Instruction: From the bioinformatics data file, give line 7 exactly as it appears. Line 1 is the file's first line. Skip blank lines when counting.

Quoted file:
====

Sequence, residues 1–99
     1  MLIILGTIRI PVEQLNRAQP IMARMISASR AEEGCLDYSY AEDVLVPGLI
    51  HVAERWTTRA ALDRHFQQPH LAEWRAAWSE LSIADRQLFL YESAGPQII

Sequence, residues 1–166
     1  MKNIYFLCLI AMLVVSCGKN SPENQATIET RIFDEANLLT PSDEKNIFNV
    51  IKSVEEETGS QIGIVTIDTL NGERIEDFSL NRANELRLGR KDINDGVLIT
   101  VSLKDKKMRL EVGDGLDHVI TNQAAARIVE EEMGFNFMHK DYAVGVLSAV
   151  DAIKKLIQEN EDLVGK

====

   101  VSLKDKKMRL EVGDGLDHVI TNQAAARIVE EEMGFNFMHK DYAVGVLSAV